It is estimated that good genes—or the right genes, perhaps—account for just 25 percent of the longevity equation: that means that you control 75 percent of your destiny. Not only has technology pointed the way to living longer, but science has studied the ways in which our bodies react to small changes in lifestyle and attitude, setting you on a course that will allow you to be increasingly robust as you approach the century mark. In fact, researchers found that of those who crossed the one hundred-year mark, 75 percent of them were healthy enough to live at home and take care of themselves at age ninety-five. Researchers also have quantified the factors that lead to long, full lives. No longer do we have to simply guess about what is good for us and what is not. Specific changes in attitude and lifestyle have been proven to be effective in driving the forces that determine longevity.
Excerpt from Living Well At One Hundred, written by Dr. Darlene McCord
During the twentieth century, the ability to live longer was primarily the result of improved sanitation and the discovery of antibiotics. More recently, the many reasons for the improved journey to longevity can be attributed to technological advances never before possible. These advances have provided ways to treat or cure diseases, reverse aging, and repair damaged organs. Better diagnostic tools (including mammograms, MRIs, and other advanced tests) have contributed significantly to longevity. Medical science has developed treatments that boggle the mind—for example, the laparoscopic surgery techniques used to treat cardiovascular disease and perform other organ repairs are nothing short of amazing. The advances are even more astounding for those of us fortunate enough to be able to observe many of these new technologies while they are still on laboratory benches. Watching the enthusiasm of young scientists for the research they are doing and the scientific advances they are making provides me with an unparalleled belief in the ability to reach one hundred in good health.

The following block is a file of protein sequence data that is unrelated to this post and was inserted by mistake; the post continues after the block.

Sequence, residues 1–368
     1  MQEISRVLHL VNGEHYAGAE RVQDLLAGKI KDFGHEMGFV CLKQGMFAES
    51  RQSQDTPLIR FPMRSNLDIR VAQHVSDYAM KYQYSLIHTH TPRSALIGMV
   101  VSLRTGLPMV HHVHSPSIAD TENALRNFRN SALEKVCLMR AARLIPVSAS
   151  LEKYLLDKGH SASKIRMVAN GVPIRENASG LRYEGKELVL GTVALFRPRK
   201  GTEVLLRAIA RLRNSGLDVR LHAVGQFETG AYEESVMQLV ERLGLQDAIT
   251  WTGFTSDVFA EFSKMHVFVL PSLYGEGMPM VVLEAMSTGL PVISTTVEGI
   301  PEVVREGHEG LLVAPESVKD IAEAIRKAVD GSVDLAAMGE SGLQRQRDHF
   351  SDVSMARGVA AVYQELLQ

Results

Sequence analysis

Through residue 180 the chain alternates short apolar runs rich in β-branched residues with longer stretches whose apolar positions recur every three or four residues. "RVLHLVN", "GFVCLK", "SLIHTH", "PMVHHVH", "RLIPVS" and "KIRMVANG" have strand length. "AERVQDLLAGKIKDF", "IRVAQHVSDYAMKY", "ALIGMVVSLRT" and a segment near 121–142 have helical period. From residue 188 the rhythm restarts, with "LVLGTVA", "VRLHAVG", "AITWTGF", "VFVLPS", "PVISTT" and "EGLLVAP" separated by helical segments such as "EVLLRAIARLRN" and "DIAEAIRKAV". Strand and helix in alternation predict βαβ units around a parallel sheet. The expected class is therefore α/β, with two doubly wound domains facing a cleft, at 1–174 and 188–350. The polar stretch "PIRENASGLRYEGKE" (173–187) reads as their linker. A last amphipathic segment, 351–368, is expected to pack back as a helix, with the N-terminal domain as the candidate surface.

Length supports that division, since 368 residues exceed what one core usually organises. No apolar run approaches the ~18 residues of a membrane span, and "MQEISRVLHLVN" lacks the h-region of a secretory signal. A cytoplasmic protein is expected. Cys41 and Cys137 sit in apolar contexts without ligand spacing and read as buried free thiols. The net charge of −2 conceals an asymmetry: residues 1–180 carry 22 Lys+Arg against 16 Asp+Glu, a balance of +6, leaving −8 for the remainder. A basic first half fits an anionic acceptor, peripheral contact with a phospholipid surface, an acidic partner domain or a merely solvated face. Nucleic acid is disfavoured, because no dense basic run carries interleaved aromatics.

However, along with scientific breakthroughs have come problems. The pharmaceutical industry has profited enormously by advertising and selling “miracle drugs” meant to cure every ill, and physicians are prescribing them at our expense. It is my goal to help you step back and take a closer look at the course that is being offered by pharmaceutical companies. And then offer a different journey toward good health, one that relies on your own personal ability to make small but important changes in your life.
Excerpt from Living Well At One Hundred, written by Dr. Darlene McCord
Your Genes and Aging
According to a geneticist at the Albert Einstein College of Medicine of Yeshiva University in New York City, your genes may have an important effect on how long you will live. If you have a relative who lived into his or her one hundreds, the odds are twenty times higher than those of the average person that you will live into old age as well. With that in mind, scientists are now working on figuring out how subtle differences in genes affect our longevity. Early studies have shown that there might be a link between insulin production and age-related diseases. A geriatrics specialist at the University of Hawaii found that an insulin-pathway gene in Japanese men over age ninety-five corresponded to improved energy usage. Another scientist noted that centenarians also have an improved amount of HDL (high-density lipoprotein), commonly referred to as “good” cholesterol.